A Culturally Sensitive Approach to the Relationships between Identity Formation and Religious Beliefs in Youth

Abstract

Youth encounter issues of religion in the process of identity formation. However, most prior studies have focused on Christian youth in Western counties. This study examined the relationship between identity formation and religious beliefs in the Eastern national context where Buddhism and non-institutional folk religions are prevalent. Participants were 969 Japanese youth (51.3% female; Mage = 20.1). Both literal and symbolic religious beliefs were included and both a variable- and person-oriented approach were used based on the three-factor identity model. The results from the variable-oriented approach (i.e., identity processes) demonstrated that identity commitment was positively associated with literal religious beliefs, whereas reconsideration of commitment was positively associated with both literal and symbolic religious beliefs. Findings from the person-oriented approach (i.e., identity statuses) confirmed these results. Overall, this study highlights the importance of religious beliefs in the process of identity formation among youth in an Eastern national context.

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Fig. 1
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Notes

  1. 1.

    Shinto is the traditional religion of Japan introduced around the eighth century. Its basic tenet is an integration of nature, esthetics, and religion that is represented in kami, numerous deities or spirits.

  2. 2.

    One parcel of commitment, one parcel of in-depth exploration, and two parcels of beliefs in the divine consisted of 4 items. Two parcels of commitment, two parcels of in-depth exploration, one parcel of beliefs in the divine, and one parcel of beliefs in religion in general consisted of 3 items. All three parcels of reconsideration of commitment, two parcels of beliefs in religion in general, and one parcel of beliefs in mystic forces in life and natural phenomena consisted of 2 items.

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Acknowledgements

The authors thank Kazuhiro Miyashita and Aya Takahashi for their help with data collection, and Ryo Nishiwaki, Katsuya Sakai, and Wakaba Nishida for their various suggestions and research assistance for this study.

Authors’ Contributions

KS conceived of the study, participated in its design and coordination, and drafted the manuscript; KM and MT participated in its design and helped to draft the manuscript; SH performed the statistical analysis and helped to draft the manuscript; EC participated in the design of the study and coordination, and helped to draft the manuscript. All authors read and approved the final manuscript.

Funding

Kazumi Sugimura was supported by the JSPS Grant-in-Aid for Scientific Research (C), 15K04070 and 18K03068.

Data Sharing and Declaration

This manuscript’s data will not be deposited. The datasets generated and analyzed during the current study are not publicly available, but are available from the corresponding author upon a reasonable request.

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Correspondence to Kazumi Sugimura.

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The authors declare that they have no conflict of interest.

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All procedures performed in studies involving human participants were in accordance with the ethical standards of the institutional and/or national research committee and with the 1964 Helsinki declaration and its later amendments or comparable ethical standards.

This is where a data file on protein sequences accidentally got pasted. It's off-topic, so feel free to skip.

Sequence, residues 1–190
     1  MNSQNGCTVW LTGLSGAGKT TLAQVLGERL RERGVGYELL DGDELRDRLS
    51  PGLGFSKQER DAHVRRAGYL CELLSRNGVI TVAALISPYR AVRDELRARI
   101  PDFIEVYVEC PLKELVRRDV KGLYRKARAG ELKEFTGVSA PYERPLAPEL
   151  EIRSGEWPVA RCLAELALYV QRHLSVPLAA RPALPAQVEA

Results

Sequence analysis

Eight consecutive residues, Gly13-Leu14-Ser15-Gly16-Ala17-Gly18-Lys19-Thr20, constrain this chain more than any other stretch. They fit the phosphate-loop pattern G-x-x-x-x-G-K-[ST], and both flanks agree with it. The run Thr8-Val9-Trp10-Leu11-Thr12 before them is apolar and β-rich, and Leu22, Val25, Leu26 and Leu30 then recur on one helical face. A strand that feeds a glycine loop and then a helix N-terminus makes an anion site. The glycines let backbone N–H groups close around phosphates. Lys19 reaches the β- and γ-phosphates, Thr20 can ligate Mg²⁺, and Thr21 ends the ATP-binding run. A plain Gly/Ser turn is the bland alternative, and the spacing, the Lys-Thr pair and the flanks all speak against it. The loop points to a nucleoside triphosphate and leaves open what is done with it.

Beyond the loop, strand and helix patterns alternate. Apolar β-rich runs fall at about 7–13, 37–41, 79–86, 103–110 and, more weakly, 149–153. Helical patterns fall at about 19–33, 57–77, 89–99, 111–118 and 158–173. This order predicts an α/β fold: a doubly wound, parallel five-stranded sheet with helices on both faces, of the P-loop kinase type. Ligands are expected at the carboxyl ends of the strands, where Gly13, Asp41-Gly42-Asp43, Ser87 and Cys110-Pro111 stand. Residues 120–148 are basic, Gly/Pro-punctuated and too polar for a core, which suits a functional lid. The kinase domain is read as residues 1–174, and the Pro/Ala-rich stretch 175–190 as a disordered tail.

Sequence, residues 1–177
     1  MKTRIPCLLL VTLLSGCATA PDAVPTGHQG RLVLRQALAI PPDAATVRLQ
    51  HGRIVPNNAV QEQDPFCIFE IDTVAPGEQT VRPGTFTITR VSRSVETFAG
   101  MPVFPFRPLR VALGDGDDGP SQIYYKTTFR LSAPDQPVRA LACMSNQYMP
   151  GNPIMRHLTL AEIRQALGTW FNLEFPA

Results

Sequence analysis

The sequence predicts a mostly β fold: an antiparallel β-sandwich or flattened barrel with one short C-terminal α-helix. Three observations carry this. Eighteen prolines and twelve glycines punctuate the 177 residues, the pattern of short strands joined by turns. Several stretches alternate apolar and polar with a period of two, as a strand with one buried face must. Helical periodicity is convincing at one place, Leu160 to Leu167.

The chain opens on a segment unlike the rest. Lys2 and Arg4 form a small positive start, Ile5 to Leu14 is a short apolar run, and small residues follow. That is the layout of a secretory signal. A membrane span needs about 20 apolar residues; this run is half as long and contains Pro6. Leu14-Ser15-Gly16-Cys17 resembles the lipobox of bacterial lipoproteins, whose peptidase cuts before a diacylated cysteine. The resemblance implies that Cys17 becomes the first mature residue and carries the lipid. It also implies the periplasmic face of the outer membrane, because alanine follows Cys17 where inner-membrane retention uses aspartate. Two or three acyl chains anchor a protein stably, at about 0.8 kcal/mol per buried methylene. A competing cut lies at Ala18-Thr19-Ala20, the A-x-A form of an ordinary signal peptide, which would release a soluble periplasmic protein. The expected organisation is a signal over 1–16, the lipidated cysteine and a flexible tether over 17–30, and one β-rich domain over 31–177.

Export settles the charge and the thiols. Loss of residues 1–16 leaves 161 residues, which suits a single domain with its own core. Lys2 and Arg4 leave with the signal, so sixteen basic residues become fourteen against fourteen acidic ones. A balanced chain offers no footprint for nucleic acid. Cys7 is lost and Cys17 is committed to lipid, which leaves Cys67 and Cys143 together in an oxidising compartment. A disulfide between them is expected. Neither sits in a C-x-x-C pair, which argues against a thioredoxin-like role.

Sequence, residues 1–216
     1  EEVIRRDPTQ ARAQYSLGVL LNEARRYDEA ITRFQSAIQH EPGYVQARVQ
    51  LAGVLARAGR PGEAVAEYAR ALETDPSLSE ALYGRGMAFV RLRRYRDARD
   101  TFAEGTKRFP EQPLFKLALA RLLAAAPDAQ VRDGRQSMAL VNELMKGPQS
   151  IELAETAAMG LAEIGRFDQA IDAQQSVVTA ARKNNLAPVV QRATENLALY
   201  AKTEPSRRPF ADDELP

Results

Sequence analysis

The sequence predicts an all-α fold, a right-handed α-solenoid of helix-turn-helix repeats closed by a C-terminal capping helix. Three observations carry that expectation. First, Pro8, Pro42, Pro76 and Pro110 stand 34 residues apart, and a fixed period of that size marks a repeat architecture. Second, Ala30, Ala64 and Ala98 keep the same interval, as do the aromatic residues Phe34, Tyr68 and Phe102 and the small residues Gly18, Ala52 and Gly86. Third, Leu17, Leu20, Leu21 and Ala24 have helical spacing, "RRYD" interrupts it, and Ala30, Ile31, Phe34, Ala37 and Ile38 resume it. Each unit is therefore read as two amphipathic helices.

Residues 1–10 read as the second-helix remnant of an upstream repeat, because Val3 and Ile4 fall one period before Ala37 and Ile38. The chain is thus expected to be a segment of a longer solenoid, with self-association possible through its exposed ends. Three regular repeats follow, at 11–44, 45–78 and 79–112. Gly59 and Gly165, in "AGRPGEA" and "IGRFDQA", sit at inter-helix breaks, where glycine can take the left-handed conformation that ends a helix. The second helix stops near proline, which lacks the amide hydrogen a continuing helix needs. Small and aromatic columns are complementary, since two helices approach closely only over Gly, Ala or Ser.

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Informed consent was obtained from all participants included in the study.

Appendix

Appendix

Religious Belief Scale (Nishiwaki 2004 )

Beliefs in the divine

1. I feel God or Buddha helps me.

6. I believe God or Buddha always watches me.

8. I think God or Buddha exists in my mind.

9. I believe God or Buddha helps and encourages me when I am in trouble or distressed.

11. I believe in an absolute deity or Buddha.

13. I believe I am punished by God or Buddha whenever something wrong happens to me.

15. I believe God or Buddha exists.

16. I am afraid of God or Buddha whenever something unexplainable or unusual happens.

19. I believe God or Buddha is the source of all life.

21. I believe God or Buddha exists everywhere.

22. I believe I am protected by the sprits of those who were close to me and my ancestors.

Beliefs in religion in general

2. I think religion gives a spirit of mutual aid and helps develop good relationships.

4. I believe religion relieves my mental distress and heals my heart.

10. I think religion brings deep respect for all living things.

12. I think religion teaches preciousness and gratitude.

17. I think religion brings peace of mind and happiness.

20. I think religion teaches how I should live and lead my life.

25. I think religion fosters love for mankind and contributes to world peace.

Beliefs in mystic forces in life and natural phenomena

3. I believe spiritual things dwell everywhere in the universe—such as the stars, humans, animals, mountains, and forests and so on.

7. I believe there is some mysterious entity which has power beyond our thoughts.

14. I believe nature—such as the sky, sea, and mountains—has some mysterious power.

24. When I think carefully, I think I am alive here and now because some mysterious power works.

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Sugimura, K., Matsushima, K., Hihara, S. et al. A Culturally Sensitive Approach to the Relationships between Identity Formation and Religious Beliefs in Youth. J Youth Adolescence 48, 668–679 (2019). https://doi.org/10.1007/s10964-018-0920-8

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Keywords

  • Identity processes
  • Identity statuses
  • Religious beliefs
  • Youth
  • Japan
  • Buddhism